Like people, novels come in different sizes. With the rise in obesity, I don’t know what the average size of a human being might be, but I do know that the average for a novel is around 300 pages or 100,000 words – although it varies between genres, just as the average for a person can vary across countries. As a fairly small person, I’m nevertheless sometimes surprised to encounter a member of the same species who is two or three times the size of me. I suppose we have some kind of “standard” in our heads. Is it the same with novels?
About the author and blogger ...
Anne Goodwin’s drive to understand what makes people tick led to a career in clinical psychology. That same curiosity now drives her fiction.
A prize-winning short-story writer, she has published three novels and a short story collection with small independent press, Inspired Quill. Her debut novel, Sugar and Snails, was shortlisted for the 2016 Polari First Book Prize.
Away from her desk, Anne guides book-loving walkers through the Derbyshire landscape that inspired Charlotte Brontë’s Jane Eyre.
Subscribers to her newsletter can download a free e-book of award-winning short stories.
Has my country always been this conflicted, or is the second decade of the twenty-first century a particularly sour time for England? Can fiction help us understand our current disaffected state? If so, these two very different novels – the first a gentle exploration of fear of difference among the largely white population; the second addressing the attractions of Islamic State to young people of South Asian descent, and its more violent repercussions – might help.
If you like to be scared, Halloween is the time for it, and if you like to be scared by a book, any of these might do. The first two are about houses haunted by their history are described as Gothic horror. The third seems to be going that way, but then veers off into a different kind of disturbance which, for me, provided the richer read.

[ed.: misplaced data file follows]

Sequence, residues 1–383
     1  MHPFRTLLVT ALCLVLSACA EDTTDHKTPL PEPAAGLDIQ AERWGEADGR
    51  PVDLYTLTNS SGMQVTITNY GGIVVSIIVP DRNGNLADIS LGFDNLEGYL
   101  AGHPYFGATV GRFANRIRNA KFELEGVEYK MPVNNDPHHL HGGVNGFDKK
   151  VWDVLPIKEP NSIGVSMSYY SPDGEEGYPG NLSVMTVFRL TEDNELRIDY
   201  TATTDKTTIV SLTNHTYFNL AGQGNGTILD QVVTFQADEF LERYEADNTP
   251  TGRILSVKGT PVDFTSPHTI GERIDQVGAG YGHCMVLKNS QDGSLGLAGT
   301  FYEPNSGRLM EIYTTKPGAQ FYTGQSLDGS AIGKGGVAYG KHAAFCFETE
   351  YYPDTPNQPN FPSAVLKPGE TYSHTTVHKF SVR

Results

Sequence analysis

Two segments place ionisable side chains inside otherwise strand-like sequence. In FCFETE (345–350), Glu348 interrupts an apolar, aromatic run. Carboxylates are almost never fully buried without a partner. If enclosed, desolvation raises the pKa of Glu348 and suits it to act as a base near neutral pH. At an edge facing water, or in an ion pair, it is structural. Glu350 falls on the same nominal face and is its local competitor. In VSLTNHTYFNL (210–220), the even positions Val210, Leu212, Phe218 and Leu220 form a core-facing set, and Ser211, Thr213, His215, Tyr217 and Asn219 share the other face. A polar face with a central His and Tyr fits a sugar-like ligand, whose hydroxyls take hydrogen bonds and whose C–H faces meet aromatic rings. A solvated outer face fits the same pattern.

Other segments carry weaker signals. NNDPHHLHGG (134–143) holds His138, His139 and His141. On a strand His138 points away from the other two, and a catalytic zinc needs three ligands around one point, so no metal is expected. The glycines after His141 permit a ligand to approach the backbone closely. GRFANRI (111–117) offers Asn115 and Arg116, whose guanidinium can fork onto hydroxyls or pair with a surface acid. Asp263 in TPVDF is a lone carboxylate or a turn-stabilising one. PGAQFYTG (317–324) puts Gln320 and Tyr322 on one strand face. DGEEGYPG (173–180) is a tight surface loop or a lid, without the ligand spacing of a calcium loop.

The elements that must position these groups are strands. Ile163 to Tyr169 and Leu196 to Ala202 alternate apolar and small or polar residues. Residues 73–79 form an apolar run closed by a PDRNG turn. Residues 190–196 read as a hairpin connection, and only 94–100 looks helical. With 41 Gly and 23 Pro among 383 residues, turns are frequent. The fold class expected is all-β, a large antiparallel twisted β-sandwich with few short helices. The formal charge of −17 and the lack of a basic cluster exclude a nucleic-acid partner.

Life’s a game of snakes and ladders; we all have our ups and downs. But some people’s snakes are much longer than some other people’s ladders, and some so unlucky on the roll of the dice it’s like they’ve landed in a slithery nest of snakes. If fear or despair hasn’t shut down their emotions, these people are angry, understandably so. And that’s my tenuous link between these novels: the first about a young woman’s sudden blindness and the second about the victims of paedophile priests.
If we leave home at eighteen, it’s often to a particular kind of institution. For me, as for Selin in The Idiot, that means university; for Billy Lynn, as for many young working-class adults who are less academically inclined, it’s the military. While, as Selin discovers, universities encourage questioning, not all questions are received with equal relish. On the other hand, as Billy learns, the army might discourage independent thought, it can’t prevent his wondering. Will these young people find the answers they’re looking for? Read on!
entertaining fiction about identity, mental health and social justice
Anne Goodwin's books on Goodreads
Sugar and Snails
ratings: 52 (avg rating 4.21)
ratings: 60 (avg rating 3.17)
ratings: 9 (avg rating 4.56)
GUD: Greatest Uncommon Denominator, Issue 4
ratings: 9 (avg rating 4.44)
The Best of Fiction on the Web
ratings: 3 (avg rating 4.67)
Annecdotal is where real life brushes up against the fictional.
Annecdotist is the blogging persona of Anne Goodwin:
slug-slayer, tramper of moors,
author of three fiction books.
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I don't post to a schedule, but average around ten reviews a month (see here for an alphabetical list),
some linked to a weekly flash fiction, plus posts on my WIPs and published books.
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